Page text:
From Money, Bob Sullivan discusses the range of the type of gig workers and why there are differences of opinion on what the gig economy is. He discusses a survey by McKinsey & Company that tries to identify the category of gig workers. Bob writes:
McKinsey set out to learn more about this broader set of gig workers. It found there are 54-68 million independent earners in the United States. Many are not what or whom you’d expect.
- By choice, mostly – 72% are independent because they want to be; the other 28% are forced into gig work.
- Casual earners are the largest group – 40% of gig workers are moonlighting because they like the extra cash; 14% are moonlighting because they have to, and another 14% are gig workers because they can’t get a full-time job.
- Not all millennials – Young adults represent less than one-quarter of the independent workforce.
- Many are older – Seniors are Airbnb’s fastest-growing host demographic, and a quarter of Uber’s drivers are over age 50.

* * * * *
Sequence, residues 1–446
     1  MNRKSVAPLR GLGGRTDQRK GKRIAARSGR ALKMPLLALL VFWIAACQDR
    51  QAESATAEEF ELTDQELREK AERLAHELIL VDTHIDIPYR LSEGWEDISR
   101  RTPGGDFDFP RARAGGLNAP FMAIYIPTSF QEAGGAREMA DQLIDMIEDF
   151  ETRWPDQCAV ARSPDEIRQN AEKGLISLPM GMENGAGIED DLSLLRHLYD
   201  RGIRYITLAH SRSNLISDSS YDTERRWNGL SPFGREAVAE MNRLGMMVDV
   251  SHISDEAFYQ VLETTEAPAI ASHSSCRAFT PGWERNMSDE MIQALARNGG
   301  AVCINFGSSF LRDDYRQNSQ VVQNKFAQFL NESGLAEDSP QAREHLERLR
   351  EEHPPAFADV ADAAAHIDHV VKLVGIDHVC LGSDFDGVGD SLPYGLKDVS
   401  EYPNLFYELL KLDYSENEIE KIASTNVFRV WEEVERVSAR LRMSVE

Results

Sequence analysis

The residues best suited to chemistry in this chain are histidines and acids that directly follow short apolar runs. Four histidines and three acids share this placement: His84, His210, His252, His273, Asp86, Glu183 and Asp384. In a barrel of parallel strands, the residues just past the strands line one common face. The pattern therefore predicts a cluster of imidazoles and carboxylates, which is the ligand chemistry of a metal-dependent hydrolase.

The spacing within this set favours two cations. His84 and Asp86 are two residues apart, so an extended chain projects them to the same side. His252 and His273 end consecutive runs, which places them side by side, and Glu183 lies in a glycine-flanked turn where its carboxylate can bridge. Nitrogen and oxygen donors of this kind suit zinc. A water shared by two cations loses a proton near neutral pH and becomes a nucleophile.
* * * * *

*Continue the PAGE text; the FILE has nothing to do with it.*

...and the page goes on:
- Many are caregivers – Those who stay at home with children, the elderly, or the infirm are in a good position to pick up occasional piece work.
- Etsy and Uber, part-time – Some 70% of Etsy sellers and 60% of Uber drivers in the United States have some other form of primary income.
- It’s not all Uber and Etsy – While Uber grabs the headlines, independent work “is also preferred by many professionals such as doctors, therapists, lawyers, accountants, interior designers, and writers,” McKinsey said.
- They are urbanites – Eighty-one percent of the growth in gig jobs over the past four years took place in the nation’s 25 largest metro areas.
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